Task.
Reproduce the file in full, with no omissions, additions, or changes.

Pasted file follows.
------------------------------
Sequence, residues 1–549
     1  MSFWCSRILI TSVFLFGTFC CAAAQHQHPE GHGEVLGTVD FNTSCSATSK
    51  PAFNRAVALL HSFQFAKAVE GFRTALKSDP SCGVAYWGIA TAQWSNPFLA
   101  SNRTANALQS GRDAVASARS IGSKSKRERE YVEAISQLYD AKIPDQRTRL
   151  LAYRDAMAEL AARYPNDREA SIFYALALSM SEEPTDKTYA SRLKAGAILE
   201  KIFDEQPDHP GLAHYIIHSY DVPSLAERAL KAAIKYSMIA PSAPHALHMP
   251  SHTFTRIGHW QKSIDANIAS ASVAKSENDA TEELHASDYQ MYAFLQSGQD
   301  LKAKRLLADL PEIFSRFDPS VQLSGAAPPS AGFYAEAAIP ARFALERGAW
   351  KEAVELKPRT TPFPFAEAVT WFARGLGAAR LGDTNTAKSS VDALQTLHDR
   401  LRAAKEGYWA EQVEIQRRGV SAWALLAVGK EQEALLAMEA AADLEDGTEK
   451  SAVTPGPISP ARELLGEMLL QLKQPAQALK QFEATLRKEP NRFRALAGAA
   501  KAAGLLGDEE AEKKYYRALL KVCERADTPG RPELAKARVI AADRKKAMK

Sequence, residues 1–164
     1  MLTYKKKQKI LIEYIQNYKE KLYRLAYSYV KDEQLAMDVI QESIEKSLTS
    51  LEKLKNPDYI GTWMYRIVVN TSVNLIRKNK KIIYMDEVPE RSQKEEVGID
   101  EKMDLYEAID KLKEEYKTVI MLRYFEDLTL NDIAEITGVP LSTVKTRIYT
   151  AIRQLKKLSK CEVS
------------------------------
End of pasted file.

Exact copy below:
Sequence, residues 1–549
     1  MSFWCSRILI TSVFLFGTFC CAAAQHQHPE GHGEVLGTVD FNTSCSATSK
    51  PAFNRAVALL HSFQFAKAVE GFRTALKSDP SCGVAYWGIA TAQWSNPFLA
   101  SNRTANALQS GRDAVASARS IGSKSKRERE YVEAISQLYD AKIPDQRTRL
   151  LAYRDAMAEL AARYPNDREA SIFYALALSM SEEPTDKTYA SRLKAGAILE
   201  KIFDEQPDHP GLAHYIIHSY DVPSLAERAL KAAIKYSMIA PSAPHALHMP
   251  SHTFTRIGHW QKSIDANIAS ASVAKSENDA TEELHASDYQ MYAFLQSGQD
   301  LKAKRLLADL PEIFSRFDPS VQLSGAAPPS AGFYAEAAIP ARFALERGAW
   351  KEAVELKPRT TPFPFAEAVT WFARGLGAAR LGDTNTAKSS VDALQTLHDR
   401  LRAAKEGYWA EQVEIQRRGV SAWALLAVGK EQEALLAMEA AADLEDGTEK
   451  SAVTPGPISP ARELLGEMLL QLKQPAQALK QFEATLRKEP NRFRALAGAA
   501  KAAGLLGDEE AEKKYYRALL KVCERADTPG RPELAKARVI AADRKKAMK

Sequence, residues 1–164
     1  MLTYKKKQKI LIEYIQNYKE KLYRLAYSYV KDEQLAMDVI QESIEKSLTS
    51  LEKLKNPDYI GTWMYRIVVN TSVNLIRKNK KIIYMDEVPE RSQKEEVGID
   101  EKMDLYEAID KLKEEYKTVI MLRYFEDLTL NDIAEITGVP LSTVKTRIYT
   151  AIRQLKKLSK CEVS